When I was a young archaeologist, I was hired to be a supervisor on a dig in Illinois. It was my first trip to the Midwest and I was amazed by the amount of green - it was so luscious that it looked as if you could cut it with a knife. One of the places that I was in fairly often was the small city of Cairo (they pronounce it Kay-roh, not like the Egyptian city). Cairo is in danger of getting innundated by the rising waters, in fact the Army Corp of Engineers blew up levees holding back the waters to allow the waters egress. It is hoped that without the waters backing up behind the levee, Cairo might be spared. They have done the same thing to other cities further down the river also. It's not expected to hit maximum flood stage for another week. My heart goes out to these people, it was a nice area of the country and the people were quite friendly.
Cairo is located at the meeting of the Mississippi and Ohio rivers. Because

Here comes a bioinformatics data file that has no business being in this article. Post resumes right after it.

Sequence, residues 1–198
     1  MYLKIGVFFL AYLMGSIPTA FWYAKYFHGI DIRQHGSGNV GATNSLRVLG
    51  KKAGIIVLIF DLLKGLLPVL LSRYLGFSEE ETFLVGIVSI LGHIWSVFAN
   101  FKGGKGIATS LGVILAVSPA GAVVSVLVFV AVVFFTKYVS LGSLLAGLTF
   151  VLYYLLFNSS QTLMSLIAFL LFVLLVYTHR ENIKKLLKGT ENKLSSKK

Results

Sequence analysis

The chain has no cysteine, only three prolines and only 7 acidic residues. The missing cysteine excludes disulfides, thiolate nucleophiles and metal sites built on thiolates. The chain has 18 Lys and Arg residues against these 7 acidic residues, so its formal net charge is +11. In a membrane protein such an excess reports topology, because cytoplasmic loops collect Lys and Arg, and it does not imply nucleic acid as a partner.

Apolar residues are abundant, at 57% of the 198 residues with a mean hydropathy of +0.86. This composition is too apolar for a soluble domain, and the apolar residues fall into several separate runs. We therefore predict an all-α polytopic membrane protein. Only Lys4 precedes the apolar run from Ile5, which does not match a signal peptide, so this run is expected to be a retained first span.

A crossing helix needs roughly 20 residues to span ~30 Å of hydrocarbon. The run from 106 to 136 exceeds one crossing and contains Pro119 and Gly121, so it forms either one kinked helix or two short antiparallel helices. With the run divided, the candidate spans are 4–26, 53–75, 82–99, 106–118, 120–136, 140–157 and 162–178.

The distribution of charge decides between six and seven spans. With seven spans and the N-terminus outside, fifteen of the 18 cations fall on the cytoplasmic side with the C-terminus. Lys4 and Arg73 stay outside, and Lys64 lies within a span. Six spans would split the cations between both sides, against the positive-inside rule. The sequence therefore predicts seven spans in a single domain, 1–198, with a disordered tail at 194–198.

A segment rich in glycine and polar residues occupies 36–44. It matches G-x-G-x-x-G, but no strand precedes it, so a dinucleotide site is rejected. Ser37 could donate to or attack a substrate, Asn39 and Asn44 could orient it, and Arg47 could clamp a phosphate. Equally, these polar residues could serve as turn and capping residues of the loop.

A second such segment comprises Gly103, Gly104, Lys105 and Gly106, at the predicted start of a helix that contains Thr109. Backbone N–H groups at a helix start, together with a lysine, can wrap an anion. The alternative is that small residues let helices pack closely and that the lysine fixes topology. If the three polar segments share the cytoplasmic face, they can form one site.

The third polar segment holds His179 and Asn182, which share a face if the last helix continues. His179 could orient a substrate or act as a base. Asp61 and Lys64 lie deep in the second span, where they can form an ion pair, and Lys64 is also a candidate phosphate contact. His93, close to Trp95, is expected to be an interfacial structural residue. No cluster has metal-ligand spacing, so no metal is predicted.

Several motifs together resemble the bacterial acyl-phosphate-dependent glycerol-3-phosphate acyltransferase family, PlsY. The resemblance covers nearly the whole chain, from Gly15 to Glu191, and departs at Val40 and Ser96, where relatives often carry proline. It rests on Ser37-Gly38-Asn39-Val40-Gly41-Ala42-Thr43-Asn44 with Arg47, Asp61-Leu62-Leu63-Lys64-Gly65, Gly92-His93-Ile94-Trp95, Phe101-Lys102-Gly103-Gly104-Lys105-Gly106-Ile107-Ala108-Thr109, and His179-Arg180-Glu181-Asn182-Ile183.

it is low-lying, it has always been susceptible to devastating floods.
Yesterday's craft day was generally successful. I have discovered that I can't do a lot of shaping by hand,, at least not enough for the central element that I was envisioning. I need a ring saw for that, and they are expensive. I phoned the local glass shop to see if they rented ring saws, but they don't. I don't have the spare several hundred dollars, so I'll try phoning a few more places today in the hope that someone has a cutter that I can use. It was abysmally slow, but I did get the four pieces I needed to continue working on this project completed and I flash fired them last night. They turned out nice, and now I need to get going on the next part, pull out the beads again, and begin stitching things together. I hope that my vision was a true one, otherwise I've wasted two weeks in an experiment on a project that I don't have any available time to waste. I'll know by next week.